*Also make sure you are aware of the laws in your area regarding these bikes. Many countries and states have outlawed them, and many more require registration just like a motorcycle. Fortunately in Utah, the legislature wants you to save gas.

Oh course, you can forget about a motorized bike and just ride a regular bike, but whats the fun in that?

For more information on the bike, check out

Now what if you do want to get out of town, go further, or carry large heavy objects? Thats when you...

Step 3: Make Friends

Make some good friends. Now I know what you are thinking. "Dumb-butt college kid trying to bum rides from others who are unfortunate enough to own a car." Let me explain.

You DO NOT want to become a freeloader. Nobody like freeloaders. However, you can still hitch rides with friends.

For example, I once needed to get to the store, but didn't want to carry grocery bags of Dr. Pepper back on my bike. So I started listening around for potential rides. Pretty soon, a friend of mine mentioned, "I'm going to try to look for (insert product here) at (insert store name here)." So I politely asked, "Hey, can I come along?" To which he gladly agreed. BAM. Ride set, no hassle. You can even offer to feed them sometime as a makeshift payment.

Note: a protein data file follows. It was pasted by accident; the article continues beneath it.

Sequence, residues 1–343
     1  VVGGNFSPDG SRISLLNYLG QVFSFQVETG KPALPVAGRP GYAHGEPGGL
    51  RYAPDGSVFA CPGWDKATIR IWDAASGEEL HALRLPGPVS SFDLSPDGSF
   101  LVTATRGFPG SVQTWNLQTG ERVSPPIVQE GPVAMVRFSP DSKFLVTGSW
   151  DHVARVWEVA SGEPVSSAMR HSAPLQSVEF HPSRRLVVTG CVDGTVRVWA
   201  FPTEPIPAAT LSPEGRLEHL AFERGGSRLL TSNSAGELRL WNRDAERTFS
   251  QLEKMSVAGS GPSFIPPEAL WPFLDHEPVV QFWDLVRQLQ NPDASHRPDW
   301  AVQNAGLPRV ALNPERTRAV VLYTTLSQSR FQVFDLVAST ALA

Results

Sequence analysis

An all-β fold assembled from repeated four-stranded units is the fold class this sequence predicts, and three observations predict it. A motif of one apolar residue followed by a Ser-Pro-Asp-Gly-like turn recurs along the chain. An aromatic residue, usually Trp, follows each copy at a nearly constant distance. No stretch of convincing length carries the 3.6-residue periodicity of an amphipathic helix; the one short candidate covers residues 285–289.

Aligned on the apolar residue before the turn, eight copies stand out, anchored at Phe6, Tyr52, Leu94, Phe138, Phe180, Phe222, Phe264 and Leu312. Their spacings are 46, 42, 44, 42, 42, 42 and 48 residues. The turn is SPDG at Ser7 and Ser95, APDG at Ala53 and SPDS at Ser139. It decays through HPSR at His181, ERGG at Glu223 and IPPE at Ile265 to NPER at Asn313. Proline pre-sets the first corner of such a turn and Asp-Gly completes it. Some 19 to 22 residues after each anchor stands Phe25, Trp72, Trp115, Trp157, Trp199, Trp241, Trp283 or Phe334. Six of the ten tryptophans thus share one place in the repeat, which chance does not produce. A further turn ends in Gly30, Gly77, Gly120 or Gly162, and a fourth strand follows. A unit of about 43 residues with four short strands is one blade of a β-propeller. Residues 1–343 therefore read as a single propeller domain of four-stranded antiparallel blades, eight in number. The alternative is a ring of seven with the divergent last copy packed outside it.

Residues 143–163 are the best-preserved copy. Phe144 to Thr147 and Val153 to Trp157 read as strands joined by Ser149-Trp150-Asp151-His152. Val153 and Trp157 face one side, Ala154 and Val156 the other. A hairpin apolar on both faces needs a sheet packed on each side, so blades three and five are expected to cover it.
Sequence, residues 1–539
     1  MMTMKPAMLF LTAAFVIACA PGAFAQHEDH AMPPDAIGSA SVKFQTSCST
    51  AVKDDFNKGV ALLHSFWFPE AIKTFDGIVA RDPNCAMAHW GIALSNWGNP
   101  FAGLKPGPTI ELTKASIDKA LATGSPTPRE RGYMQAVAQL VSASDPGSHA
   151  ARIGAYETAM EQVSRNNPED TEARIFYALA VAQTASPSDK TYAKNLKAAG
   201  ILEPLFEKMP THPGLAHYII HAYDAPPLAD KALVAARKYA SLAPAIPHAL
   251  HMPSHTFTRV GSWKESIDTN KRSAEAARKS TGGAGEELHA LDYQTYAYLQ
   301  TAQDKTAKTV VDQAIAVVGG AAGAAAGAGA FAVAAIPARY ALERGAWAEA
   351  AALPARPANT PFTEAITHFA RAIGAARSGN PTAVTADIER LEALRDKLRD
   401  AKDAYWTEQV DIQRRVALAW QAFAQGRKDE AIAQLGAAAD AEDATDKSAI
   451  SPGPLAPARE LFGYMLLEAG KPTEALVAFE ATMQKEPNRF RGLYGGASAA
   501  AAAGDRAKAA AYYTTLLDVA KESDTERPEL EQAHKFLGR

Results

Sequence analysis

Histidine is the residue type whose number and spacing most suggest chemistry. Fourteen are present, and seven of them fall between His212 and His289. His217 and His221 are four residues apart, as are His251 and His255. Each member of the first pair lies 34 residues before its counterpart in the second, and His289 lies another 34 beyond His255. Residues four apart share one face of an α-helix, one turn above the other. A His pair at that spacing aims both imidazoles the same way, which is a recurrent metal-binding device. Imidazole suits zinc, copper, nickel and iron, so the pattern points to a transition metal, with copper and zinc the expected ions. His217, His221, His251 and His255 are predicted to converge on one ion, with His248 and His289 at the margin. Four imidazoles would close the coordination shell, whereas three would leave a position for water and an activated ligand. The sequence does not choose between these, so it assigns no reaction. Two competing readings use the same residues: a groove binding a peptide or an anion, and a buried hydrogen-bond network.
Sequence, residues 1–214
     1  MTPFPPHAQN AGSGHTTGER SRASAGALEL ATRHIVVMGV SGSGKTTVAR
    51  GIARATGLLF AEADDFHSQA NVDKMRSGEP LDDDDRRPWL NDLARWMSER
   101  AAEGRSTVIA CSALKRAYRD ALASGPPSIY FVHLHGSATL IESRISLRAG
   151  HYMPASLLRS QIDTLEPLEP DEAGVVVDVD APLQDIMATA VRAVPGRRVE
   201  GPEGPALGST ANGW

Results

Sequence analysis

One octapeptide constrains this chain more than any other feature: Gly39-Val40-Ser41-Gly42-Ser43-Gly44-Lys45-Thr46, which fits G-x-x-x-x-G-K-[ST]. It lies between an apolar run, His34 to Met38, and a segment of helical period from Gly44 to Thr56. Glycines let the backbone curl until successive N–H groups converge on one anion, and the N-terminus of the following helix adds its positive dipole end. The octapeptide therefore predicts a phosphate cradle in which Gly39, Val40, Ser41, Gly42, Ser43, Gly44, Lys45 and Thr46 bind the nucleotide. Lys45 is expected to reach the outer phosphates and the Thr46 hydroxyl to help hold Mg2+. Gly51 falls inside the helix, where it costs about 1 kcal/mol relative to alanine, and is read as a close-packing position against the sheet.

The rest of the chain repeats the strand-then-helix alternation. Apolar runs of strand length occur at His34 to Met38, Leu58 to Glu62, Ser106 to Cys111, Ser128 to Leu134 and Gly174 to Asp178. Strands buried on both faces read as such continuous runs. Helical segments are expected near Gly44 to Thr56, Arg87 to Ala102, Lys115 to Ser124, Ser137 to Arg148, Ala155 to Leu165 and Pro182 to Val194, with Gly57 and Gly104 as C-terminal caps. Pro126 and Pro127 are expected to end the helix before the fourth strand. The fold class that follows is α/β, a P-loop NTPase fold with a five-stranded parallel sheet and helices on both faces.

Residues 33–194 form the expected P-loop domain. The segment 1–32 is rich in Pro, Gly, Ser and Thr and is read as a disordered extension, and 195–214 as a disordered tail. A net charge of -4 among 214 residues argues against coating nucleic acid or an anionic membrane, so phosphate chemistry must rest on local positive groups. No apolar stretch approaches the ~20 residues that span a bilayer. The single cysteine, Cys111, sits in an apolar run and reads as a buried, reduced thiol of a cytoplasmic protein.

Some colleges may have "ride boards" for people to to take advantage of if you really want to travel further. You can always turn to public transportation, or local family members as well.

Step 4: Additional Tips

Here are some things to remember:

1) Be patient. Spending less on gas means slower transportation. Walking is time consuming. 30 MPH isn't the fasted thing in the world. And you may have to wait weeks before a friend makes that much-needed grocery trip.

2) Look for opportunities. Always look for opportunities, but do not feel entitled to them. Always listen for possible rides, and don't turn down an offer if you don't have to. You may end up riding in the bed of a truck. You may end up at a regular grocery store instead of your all natural organic special store. It doesn't matter, take what you can get.

3) Plan trips wisely. You don't have the luxury of just cruising around to your favorite stores when convenient. When I went to to the store, it was a carefully planned excursion. What will you buy, and how much can you carry back? How far is the store? Does the road have a bike lane, or can you keep up with traffic? Just Be Prepared.